Esther Abrami is a French classical violinist who regularly performs at prestigious venues around the world.
With over 300k social media followers, the London-based musician has been at the forefront of making classical music and the violin accessible to younger generations. An effort that has seen Esther impressively bridge cultural gaps through dazzling musical skill and an effortlessly endearing personality.
Q: You have done such a wonderful job of making classic music accessible to young audiences across the globe. How special has it been for you to make that connection?
A: Making that connection has been an adventure! Through my musical journey I have seen how much classical music can be a closed up world.
For years I wondered why pieces that I loved where completely unknown by most young people. I heard thousands of times that “young people do not listen to classical music”, “they do not like it”, “they do not come to classical music concerts” and it was sadly not very far from reality.
When social media became popular, I decided to share what I am passionate about: classical music and particularly violin. My idea was new and unexpected for a classical music student, and it was actually seen as something a bit weird by most classical musicians. But let’s be honest, it is fun to break the rules sometimes!
I have now over 300K followers on my channels, 80% of them are under the age of 30. I receive messages every day from young people telling me that I inspired them to start playing the violin and that for me, is a totally priceless reward.
Q: You have a charming and genteel on-camera presence that actually reminds me of Audrey Hepburn. How have you embraced the personality side of your work?
A: Audrey Hepburn is a personality that I love, so thank you!
I have never actually really thought about the personality side of my work, I am literally just staying myself in all situations.
Q: There is a splendid video of you on YouTube that shows your violin progression from age 10 to 20. What has been the biggest lesson you’ve learnt over that period?
A: What matters is not to focus on where we are at the beginning, but to know clearly where we want to go, without ever giving up. This is the biggest and probably the most useful lesson that I have learnt over this period.
Q: If I’m right, your parents are not trained musicians. How has your background shaped you as a musician?
A: My parents are not trained musicians; however, culture has been a very important point in my education. My mum used to read books to me every day and when I was able to read by myself I was absolutely fond of literature and theatre. We used to go to museums to see exhibitions and had long discussions about artists technics and expression, historical contexts etc…
I remember that I couldn’t waste one minute doing nothing because my mum used to say: “there are so many things to see, to listen, to discover and learn”.
I think it is what developed my artistic sense and curiosity over the years.
Q: You were recently involved in a cross-genre live cover of Radiohead’s ‘Street Spirit’ which featured a number of other musicians. How did you find that experience and getting out of your musical comfort zone? Is it something you want to do more of in the future?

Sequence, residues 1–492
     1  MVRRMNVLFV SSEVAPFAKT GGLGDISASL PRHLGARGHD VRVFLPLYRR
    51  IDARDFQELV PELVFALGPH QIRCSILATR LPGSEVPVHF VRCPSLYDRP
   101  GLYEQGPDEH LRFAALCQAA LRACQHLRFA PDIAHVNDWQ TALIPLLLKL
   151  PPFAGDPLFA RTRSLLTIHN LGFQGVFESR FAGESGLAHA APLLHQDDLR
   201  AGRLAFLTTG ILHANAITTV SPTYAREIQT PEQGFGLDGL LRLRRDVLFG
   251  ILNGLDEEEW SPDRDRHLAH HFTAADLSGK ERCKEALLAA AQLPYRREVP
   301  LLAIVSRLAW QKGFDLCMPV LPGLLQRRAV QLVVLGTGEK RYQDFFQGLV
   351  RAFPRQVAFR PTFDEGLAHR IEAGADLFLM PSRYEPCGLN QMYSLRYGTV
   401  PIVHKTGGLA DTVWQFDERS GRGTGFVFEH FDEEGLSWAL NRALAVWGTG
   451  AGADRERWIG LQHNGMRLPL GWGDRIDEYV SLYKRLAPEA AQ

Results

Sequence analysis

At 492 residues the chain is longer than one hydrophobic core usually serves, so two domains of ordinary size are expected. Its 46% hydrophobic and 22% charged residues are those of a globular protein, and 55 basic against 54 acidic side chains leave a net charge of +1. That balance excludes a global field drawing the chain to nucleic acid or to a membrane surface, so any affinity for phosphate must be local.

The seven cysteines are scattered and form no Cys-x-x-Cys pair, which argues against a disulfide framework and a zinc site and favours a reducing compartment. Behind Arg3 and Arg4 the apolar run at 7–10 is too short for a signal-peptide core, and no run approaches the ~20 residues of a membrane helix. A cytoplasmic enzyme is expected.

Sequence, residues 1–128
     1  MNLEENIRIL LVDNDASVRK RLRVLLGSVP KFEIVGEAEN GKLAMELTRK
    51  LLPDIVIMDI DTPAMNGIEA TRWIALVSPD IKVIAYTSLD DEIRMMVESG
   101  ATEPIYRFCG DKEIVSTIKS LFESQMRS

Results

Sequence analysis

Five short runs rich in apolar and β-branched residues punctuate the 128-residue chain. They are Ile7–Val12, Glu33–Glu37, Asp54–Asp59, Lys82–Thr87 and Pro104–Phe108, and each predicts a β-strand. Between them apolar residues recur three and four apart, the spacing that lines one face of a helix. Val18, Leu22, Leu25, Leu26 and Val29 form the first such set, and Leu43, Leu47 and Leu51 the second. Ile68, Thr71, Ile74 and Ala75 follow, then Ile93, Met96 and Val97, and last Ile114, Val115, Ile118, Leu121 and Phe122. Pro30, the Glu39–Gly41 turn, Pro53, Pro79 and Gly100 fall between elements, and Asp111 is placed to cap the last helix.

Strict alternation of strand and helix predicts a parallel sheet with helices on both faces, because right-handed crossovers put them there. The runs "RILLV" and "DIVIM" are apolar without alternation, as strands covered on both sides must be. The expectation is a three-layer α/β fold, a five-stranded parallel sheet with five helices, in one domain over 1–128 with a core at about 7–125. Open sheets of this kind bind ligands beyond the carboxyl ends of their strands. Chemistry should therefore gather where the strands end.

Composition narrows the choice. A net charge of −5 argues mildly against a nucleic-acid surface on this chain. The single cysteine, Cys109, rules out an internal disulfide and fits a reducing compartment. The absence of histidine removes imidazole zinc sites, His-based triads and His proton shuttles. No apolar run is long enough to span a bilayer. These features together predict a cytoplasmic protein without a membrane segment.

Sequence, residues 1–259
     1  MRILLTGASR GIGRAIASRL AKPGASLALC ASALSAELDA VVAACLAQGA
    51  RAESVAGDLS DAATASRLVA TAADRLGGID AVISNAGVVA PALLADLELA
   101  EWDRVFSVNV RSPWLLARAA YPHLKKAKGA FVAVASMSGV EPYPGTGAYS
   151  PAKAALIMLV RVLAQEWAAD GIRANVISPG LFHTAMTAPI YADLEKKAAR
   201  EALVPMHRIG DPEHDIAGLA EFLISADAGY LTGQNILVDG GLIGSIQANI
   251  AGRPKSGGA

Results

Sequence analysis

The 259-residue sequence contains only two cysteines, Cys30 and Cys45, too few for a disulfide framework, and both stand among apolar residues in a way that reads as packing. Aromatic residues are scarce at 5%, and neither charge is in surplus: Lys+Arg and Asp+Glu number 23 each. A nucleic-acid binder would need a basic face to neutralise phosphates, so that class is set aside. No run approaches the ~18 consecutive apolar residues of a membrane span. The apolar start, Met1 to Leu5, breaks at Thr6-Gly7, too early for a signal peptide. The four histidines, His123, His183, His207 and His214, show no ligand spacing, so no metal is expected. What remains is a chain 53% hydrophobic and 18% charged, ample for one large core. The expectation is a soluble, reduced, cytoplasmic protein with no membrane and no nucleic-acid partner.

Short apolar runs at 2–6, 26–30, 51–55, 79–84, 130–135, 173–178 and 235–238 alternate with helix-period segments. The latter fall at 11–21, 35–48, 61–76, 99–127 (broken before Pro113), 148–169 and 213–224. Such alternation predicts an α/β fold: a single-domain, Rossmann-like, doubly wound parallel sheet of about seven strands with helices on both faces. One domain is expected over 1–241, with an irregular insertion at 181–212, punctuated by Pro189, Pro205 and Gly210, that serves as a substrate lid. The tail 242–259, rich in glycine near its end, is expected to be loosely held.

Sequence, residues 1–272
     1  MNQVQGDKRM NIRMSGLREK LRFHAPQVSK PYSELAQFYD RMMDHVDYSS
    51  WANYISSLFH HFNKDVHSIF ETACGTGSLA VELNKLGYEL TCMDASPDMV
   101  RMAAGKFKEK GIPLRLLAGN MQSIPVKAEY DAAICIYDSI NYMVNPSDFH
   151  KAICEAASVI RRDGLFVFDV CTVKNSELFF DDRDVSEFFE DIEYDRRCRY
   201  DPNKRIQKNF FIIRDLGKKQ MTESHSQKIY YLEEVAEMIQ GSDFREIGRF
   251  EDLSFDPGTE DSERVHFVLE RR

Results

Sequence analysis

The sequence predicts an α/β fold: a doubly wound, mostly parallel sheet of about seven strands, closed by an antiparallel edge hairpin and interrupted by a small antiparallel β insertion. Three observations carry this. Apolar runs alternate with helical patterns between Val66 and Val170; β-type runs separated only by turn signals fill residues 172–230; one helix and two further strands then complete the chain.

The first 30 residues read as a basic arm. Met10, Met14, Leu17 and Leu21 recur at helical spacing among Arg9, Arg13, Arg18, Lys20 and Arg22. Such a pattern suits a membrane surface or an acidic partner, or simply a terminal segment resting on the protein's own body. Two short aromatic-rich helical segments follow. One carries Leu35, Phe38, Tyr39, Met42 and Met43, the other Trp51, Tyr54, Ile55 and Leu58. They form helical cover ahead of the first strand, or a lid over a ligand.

A: Definitely! Music and art in general is an international language, which becomes even greater by opening your mind and being involved in different artistic experience!
Q: We often see you practicing yoga on social media. How important is it to your performance and well being?
A: Yoga helps me to live the very moment, which is super important in performances. It also helps me to relax and take a break from absolutely everything, mentally and physically.
Q: We got a glimpse of your New Year resolutions on a recent YouTube video. One of those included performing in five countries you’ve never visited before. I saw you already ticked one off with Singapore last month. Can you tell us about that experience and your desire to experience new cultures?
A: I am of an insatiable curiosity, especially about different cultures.
In Singapore I discovered a part of the world totally unknown for me and I had the chance to play with the famous beatboxer Dharni one of the most popular classical piece of Vivaldi: the Four Seasons. It was an unforgettable trip and experience. I am really looking forward coming back in November, with a completely different program.
Q: There are some great videos of you online performing with cats on your lap. Can you talk about your love for cats and the work La Feline Meyreuillaise do?
A: I love animals, and especially cats because they are funny, free and lovely at the same time.
La feline Meyreuillaise is a small French association who rescues abandoned cats from the streets who are usually ill and struggling to survive. When I heard about this association I decided to help giving them visibility and rising awareness to this cause and I am happy that I managed to make the world a bit better for a few cats!
Q: Readers should keep an eye out for your upcoming shows which includes a Recital at the Royal Music College of Music on 24 May. What can audiences expect from your upcoming shows?
A: I am looking forward meeting some of my followers in person every time that I am playing somewhere. I love sharing with them new music pieces, which I always like to introduce and chat about during the recital!
Q: What are your hopes and ambitions for the future?
A: I hope that through my musical journey I will continue to make classical music accessible to everyone. When I say accessible I not only mean accessible to listen, but also accessible to play.
I am the guest of Passeurs d’art in Paris for masterclasses and a concert on the 25th of May. They are an association doing a fantastic job introducing classical music to children and teenagers from deprived areas in France. I am very looking forward meeting and playing with them.
Title image by Mill Media Co.